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Baby lost during Kabul airlift chaos found, returned to family

The baby, Sohail Ahmadi, was just two months old when he went missing on August 19. Source: ABC News.

KABUL: An infant boy handed in desperation to a soldier across an airport wall in the chaos of the American evacuation of Afghanistan has been found and was reunited with his relatives in Kabul.

The baby, Sohail Ahmadi, was just two months old when he went missing on August 19 as thousands of people rushed to leave Afghanistan as it fell to the Taliban. According to reports, the baby was located in Kabul where a taxi driver, Hamid Safi, had found him in the airport and took him home to raise as his own.

After more than seven weeks of negotiations and pleas, and ultimately a brief detention by Taliban police, Safi finally handed the child back to his jubilant grandfather and other relatives still in Kabul. They said they would now seek to have him reunited with his parents and siblings who were evacuated months ago to the United States.

During the tumultuous Afghan evacuation, Mirza Ali Ahmadi – the boy’s father who had worked as a security guard at the US embassy – and his wife Suraya feared their son would get crushed in the crowd as they neared the airport gates en route to a flight to the United States.

Ahmadi said in early November in his desperation that day, he handed Sohail over the airport wall to a uniformed soldier who he believed to be an American, fully expecting he would soon make it the remaining 5 meters to the entrance to reclaim him.

Just at that moment, Taliban forces pushed the crowd back and it would be another half an hour before Ahmadi, his wife and their four other children were able to get inside. But by then the baby was nowhere to be found.

Ahmadi said he searched desperately for his son inside the airport and was told by officials that he had likely been taken out of the country separately and could be reunited with them later. The rest of the family was evacuated – eventually ending up at a military base in Texas. For months they had no idea where their son was.

On the same day Ahmadi and his family were separated from their baby, Safi had slipped through the Kabul airport gates after giving a ride to his brother’s family who were also set to evacuate.

Safi said he found Sohail alone and crying on the ground. After he unsuccessfully tried to locate the baby’s parents inside, he decided to take the infant home to his wife and children. Safi has three daughters of his own and said his mother’s greatest wish before she died was for him to have a son.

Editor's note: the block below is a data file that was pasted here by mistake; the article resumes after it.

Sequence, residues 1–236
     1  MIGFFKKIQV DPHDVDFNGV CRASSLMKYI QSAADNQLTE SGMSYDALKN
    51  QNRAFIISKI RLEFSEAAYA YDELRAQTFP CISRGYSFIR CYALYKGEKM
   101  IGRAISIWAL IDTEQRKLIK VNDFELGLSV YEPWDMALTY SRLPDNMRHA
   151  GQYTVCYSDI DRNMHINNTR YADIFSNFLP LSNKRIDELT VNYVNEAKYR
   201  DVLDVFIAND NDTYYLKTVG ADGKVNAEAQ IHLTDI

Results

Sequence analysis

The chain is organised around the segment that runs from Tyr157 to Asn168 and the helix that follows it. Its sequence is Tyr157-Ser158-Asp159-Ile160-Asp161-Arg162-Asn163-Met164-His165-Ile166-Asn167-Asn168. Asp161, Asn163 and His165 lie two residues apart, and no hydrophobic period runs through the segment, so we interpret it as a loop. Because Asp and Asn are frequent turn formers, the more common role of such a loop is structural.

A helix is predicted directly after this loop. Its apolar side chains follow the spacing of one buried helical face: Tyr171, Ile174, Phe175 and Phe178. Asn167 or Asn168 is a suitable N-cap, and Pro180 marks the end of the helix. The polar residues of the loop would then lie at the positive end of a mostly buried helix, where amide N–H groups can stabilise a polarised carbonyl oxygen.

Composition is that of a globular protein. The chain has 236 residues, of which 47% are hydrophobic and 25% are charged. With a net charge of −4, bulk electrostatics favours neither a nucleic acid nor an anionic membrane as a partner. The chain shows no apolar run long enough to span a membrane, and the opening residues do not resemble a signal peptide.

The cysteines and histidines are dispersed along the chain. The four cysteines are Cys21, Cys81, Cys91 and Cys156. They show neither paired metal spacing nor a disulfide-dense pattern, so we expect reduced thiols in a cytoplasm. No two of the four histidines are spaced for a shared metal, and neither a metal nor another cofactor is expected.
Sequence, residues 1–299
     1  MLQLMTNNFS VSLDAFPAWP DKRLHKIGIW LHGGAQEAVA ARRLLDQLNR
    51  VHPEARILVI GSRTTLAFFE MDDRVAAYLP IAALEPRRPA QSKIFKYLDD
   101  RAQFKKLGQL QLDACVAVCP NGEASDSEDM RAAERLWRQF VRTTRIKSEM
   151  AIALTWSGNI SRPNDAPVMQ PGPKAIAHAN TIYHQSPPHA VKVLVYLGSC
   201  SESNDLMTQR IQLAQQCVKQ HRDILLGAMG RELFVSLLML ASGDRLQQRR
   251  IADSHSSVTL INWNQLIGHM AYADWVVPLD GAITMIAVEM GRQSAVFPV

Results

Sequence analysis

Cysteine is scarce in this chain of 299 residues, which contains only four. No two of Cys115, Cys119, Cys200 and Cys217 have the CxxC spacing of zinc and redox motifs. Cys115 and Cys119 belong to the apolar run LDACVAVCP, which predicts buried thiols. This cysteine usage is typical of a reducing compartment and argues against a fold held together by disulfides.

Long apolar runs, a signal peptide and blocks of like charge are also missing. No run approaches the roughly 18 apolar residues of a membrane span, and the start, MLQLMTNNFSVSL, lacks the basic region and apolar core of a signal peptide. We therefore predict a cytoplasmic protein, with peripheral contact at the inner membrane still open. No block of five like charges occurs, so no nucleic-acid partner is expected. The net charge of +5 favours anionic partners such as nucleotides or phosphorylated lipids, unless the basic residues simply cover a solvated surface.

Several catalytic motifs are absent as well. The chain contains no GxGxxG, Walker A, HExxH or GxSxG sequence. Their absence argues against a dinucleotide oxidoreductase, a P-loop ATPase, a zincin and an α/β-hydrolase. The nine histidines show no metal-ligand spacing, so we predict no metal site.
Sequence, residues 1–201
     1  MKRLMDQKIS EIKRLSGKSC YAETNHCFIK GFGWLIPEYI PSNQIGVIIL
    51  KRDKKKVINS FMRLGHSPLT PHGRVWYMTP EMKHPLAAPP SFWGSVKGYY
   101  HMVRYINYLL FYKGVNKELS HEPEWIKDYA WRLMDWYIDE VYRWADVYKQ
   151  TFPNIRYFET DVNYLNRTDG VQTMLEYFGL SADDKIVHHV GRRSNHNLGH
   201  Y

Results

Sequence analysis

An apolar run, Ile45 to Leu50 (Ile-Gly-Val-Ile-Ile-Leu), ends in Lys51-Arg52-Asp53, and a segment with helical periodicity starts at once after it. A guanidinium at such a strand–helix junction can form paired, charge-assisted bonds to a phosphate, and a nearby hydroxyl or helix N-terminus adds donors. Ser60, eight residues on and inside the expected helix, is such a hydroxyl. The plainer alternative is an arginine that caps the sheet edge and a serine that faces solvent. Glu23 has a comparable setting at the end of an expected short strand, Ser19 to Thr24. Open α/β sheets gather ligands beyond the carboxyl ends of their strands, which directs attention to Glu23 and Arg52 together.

In that moment he decided: “I am keeping this baby. If his family is found, I will give him to them. If not, I will raise him myself,” he said in an interview in late November.

Safi said that he took him to the doctor for a check-up after he was found and quickly incorporated the child into his family. They called the baby Mohammad Abed and posted pictures of all the children together on his Facebook page.

After a news report story about the missing child came out, some of Safi’s neighbors – who had noticed his return from the airport months earlier with a baby – recognised the photos and posted comments about his whereabouts on a translated version of the article.

Ahmadi asked his relatives still in Afghanistan, including his father-in-law Mohammad Qasem Razawi to seek out Safi and ask him to return Sohail to the family. Razawi said he traveled two days and two nights to the capital bearing gifts for Safi and his family. Safi refused to release Sohail, insisting he also wanted to be evacuated from Afghanistan with his family.

Finally Razawi contacted the local Taliban police to report a kidnapping. Safi denied the allegations to the police and said he was caring for the baby, not kidnapping him. The complaint was investigated and dismissed and the local police commander helped arrange a settlement, which included an agreement signed with thumbprints by both sides.

Razawi said the baby’s family agreed to compensate Safi around 100,000 Afghani for expenses incurred looking after him for five months. In the presence of the police, and amid lots of tears, the baby was finally returned to his relatives.

The baby’s parents said they were overjoyed as they were able to see with their own eyes the reunion over video chat. “There are celebrations, dance, singing,” said Razawi. “It is just like a wedding indeed.”

Ahmadi and his wife and other children, who in early December were able to move off the military base and resettle in an apartment in Michigan, hope Sohail will soon be brought to the United States. “We need to get the baby back to his mother and father. This is my only responsibility,” his grandfather said. “My wish is that he should return to them.”

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